A priest celebrates Mass in 2015 at a church attended by ethnic Hmong Catholics in the village of Sapa, Vietnam. Delegations from the Vatican and from Vietnam reported continued progress in their discussions, including agreeing on "upgrading" relations with a permanent papal representative "in the near future," a Vatican press statement said. CNS photo/Kham, Reuters

Speaking Out: Our persecuted brothers and sisters

By  Vincent Pham, Speaking Out
  • December 20, 2018

We hear much about the situation of the persecuted Christians in the Middle East, but lets not forget about the persecution of Christians in Asian countries. 

During the Christmas season, as Vietnamese Catholics fill the pews at my parish, my thoughts turn to these people. 

Catholics have been persecuted in Asia for many centuries. In Vietnam, the 19th century saw thousands of Catholics martyred, including 117 who were canonized by St. John Paul II in 1988. The Catholic Church in Vietnam recently closed a Jubilee year celebrating 30 years of the canonization of the martyrs. 

Persecution in Asia is not an event of the past. After the fall of Saigon in 1975 that marked the end of the Vietnam War, more than 1.6 million people fled Vietnam and sought refuge in other countries. My father was among that group of refugees, popularly known as the Vietnamese Boat People. 

As a son of a Vietnamese refugee, I have occasionally had conversations with my dad about his life in Vietnam. He did not face any direct form of persecution since he grew up in the province of Biên Hòa, a predominantly Catholic area. Practising the faith became difficult under the communist regime. 

In order to live freely to practise the faith, without fear or restrictions and discrimination, my father and his two brothers fled Vietnam on a boat and lived in Galang refugee camp in Indonesia with thousands of other refugees until they gained sponsorship by different countries like Canada and the United States.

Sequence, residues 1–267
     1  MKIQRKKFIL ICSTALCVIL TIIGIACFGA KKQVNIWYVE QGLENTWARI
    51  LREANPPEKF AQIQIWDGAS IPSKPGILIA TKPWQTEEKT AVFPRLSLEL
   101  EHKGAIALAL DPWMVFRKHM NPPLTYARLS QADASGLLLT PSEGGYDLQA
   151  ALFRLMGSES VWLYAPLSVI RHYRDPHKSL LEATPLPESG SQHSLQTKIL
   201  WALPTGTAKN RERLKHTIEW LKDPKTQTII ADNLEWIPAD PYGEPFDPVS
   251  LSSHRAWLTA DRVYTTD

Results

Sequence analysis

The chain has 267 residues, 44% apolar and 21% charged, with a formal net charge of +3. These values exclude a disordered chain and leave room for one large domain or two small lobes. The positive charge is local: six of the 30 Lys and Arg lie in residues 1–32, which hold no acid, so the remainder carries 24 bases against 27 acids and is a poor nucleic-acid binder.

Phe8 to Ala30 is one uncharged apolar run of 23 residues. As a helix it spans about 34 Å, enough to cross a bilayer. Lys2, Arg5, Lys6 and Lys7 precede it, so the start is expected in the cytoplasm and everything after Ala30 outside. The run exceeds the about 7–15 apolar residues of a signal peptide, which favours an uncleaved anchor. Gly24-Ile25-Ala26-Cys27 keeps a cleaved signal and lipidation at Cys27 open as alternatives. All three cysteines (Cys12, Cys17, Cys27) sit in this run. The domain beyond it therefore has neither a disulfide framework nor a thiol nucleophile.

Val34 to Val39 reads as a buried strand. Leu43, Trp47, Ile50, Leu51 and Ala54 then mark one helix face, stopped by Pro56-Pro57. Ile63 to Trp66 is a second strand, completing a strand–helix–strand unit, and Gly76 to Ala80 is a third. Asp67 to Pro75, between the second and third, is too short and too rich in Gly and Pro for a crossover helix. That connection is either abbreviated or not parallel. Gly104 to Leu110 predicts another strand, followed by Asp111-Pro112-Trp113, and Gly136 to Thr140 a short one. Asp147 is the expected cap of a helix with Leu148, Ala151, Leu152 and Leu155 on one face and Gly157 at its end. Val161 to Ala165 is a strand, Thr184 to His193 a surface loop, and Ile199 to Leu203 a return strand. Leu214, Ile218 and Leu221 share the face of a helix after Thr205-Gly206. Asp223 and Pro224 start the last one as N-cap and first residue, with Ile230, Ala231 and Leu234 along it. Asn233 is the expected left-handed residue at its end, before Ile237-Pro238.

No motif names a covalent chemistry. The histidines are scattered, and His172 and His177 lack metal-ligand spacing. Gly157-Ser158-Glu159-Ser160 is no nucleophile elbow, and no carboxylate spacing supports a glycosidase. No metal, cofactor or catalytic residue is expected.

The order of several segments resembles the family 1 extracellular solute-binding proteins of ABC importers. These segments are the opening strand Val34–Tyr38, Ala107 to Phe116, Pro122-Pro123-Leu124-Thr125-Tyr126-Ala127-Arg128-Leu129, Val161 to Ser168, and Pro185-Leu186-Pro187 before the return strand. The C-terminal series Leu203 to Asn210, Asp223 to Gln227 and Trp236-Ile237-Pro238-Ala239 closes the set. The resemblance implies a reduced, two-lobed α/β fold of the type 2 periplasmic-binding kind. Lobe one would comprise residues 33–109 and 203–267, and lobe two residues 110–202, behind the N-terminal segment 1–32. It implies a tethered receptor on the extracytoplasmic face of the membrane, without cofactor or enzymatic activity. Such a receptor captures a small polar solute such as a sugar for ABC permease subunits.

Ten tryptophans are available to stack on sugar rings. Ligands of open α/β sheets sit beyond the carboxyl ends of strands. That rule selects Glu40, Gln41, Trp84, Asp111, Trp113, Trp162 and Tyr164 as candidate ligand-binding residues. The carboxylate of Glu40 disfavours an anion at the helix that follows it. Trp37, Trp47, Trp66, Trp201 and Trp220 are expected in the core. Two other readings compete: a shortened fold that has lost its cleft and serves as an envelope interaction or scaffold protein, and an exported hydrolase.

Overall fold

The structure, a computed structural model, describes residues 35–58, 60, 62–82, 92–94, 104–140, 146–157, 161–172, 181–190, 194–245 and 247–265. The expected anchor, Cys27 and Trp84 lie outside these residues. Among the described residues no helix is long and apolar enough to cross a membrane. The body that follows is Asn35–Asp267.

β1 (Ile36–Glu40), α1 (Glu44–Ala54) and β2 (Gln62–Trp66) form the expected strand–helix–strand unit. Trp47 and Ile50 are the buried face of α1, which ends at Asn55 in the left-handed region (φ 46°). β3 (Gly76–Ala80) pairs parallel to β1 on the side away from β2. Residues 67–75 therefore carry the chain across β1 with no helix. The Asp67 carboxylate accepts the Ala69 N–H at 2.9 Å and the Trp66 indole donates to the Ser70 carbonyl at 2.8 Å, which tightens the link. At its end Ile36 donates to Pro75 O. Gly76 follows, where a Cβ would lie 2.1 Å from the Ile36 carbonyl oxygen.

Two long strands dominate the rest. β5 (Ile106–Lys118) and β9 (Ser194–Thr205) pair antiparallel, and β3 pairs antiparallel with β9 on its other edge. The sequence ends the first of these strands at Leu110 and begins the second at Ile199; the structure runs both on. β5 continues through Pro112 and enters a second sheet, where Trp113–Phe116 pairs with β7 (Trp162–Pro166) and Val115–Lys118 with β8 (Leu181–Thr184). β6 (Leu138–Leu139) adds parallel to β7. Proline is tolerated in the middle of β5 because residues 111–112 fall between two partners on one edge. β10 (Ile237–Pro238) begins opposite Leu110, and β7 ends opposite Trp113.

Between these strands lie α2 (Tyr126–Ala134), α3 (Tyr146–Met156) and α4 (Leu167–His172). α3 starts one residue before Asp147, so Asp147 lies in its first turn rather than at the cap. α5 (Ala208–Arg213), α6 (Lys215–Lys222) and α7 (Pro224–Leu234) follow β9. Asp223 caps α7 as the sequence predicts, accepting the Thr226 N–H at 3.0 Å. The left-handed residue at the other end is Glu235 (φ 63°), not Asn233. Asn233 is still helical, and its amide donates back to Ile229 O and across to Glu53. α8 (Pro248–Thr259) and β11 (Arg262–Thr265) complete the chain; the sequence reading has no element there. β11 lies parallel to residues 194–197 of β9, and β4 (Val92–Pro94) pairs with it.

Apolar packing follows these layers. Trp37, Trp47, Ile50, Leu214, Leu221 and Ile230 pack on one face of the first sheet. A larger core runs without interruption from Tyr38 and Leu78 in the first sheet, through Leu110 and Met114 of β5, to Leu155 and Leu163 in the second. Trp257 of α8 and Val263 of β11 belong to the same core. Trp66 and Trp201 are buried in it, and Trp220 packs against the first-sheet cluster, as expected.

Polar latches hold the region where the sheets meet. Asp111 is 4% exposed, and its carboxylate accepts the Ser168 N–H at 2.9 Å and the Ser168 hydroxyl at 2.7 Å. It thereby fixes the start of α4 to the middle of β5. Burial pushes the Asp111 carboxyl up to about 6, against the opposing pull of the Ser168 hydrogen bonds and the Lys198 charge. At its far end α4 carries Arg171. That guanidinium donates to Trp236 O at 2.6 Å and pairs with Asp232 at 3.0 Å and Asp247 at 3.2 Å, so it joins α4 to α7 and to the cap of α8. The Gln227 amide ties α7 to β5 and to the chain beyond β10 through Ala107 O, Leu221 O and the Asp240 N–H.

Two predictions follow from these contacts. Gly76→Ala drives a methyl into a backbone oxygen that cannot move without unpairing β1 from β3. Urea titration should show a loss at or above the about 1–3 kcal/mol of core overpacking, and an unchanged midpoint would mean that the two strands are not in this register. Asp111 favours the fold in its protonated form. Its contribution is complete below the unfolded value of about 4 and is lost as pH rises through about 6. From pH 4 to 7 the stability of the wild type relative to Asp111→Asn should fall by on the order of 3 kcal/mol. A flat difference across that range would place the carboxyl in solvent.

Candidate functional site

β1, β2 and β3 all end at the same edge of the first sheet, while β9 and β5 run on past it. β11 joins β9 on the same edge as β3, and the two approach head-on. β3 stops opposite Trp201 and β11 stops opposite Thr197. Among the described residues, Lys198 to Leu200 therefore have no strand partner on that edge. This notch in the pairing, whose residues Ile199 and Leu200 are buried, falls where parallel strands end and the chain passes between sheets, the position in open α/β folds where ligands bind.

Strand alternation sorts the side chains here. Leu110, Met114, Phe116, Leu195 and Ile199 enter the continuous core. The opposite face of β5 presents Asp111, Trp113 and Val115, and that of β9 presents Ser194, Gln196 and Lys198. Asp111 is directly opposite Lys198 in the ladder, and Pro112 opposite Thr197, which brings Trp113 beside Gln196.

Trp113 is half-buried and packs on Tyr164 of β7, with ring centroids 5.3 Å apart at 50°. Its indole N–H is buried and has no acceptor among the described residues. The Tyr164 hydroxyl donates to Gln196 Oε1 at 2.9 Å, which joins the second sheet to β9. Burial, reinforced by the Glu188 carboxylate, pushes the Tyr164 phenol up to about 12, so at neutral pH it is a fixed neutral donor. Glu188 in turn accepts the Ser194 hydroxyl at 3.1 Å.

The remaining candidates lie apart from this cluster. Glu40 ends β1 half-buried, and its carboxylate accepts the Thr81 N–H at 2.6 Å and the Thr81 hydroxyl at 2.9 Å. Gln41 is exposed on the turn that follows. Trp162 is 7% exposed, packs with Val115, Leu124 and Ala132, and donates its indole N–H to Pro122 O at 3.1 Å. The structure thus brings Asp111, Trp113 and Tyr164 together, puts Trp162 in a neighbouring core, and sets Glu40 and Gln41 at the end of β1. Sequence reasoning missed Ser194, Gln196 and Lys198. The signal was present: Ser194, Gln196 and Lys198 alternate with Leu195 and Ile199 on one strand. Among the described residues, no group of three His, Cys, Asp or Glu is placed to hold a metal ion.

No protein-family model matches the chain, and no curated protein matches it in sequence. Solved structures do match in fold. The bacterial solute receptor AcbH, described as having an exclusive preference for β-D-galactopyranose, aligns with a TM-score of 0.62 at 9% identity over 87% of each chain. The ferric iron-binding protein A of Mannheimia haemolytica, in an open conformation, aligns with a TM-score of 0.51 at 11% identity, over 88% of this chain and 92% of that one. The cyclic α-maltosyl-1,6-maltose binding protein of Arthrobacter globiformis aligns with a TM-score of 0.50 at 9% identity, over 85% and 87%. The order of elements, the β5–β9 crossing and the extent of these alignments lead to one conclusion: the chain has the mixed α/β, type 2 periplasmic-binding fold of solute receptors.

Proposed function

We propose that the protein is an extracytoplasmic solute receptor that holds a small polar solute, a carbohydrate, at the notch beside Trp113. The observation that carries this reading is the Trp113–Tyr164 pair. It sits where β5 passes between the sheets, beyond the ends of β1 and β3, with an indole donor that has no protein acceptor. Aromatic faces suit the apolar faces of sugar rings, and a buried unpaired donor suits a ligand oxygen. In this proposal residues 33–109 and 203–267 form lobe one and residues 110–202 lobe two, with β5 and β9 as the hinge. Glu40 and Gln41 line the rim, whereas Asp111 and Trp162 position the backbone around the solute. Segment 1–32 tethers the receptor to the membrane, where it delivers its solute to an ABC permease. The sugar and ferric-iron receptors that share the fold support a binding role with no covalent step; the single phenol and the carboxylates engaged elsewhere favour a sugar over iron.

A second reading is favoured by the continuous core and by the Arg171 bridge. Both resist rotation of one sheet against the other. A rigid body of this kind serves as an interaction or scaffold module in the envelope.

I constantly update myself with the news of the Catholic Church in Vietnam. I am saddened to read news of communist government officials taking the land of religious congregations and churches. Catholics who have spoken out against the communists are jailed or even exiled. 

There are similar cases of persecution in China, where crosses have been torn down from churches and people must secretly practise their faith to avoid government oppression. 

Even though the Philippines has one of the highest Catholic populations in the world, Catholics were being persecuted by ISIS-inspired groups who capture Catholics, including priests. 

Despite the persecution, the Christian population in Asian countries continues to grow. Sometimes I question why Catholics and Christians have to suffer so much in these countries. But Jesus never said that following Him would be easy. Rather, He said, “You will be hated by all because of my name” (Matthew 10:22).    

During this Christmas season, as many Canadian Catholics attend Christmas Mass and spend time together with their families, let us take a moment to pray for the people in these persecuted countries, that they may continue to be bold witnesses to the faith and that we, too, may be witnesses of Jesus in our everyday lives. 

(Pham, 17, is a Grade 12 student at Chaminade College School in Toronto, Ont.)

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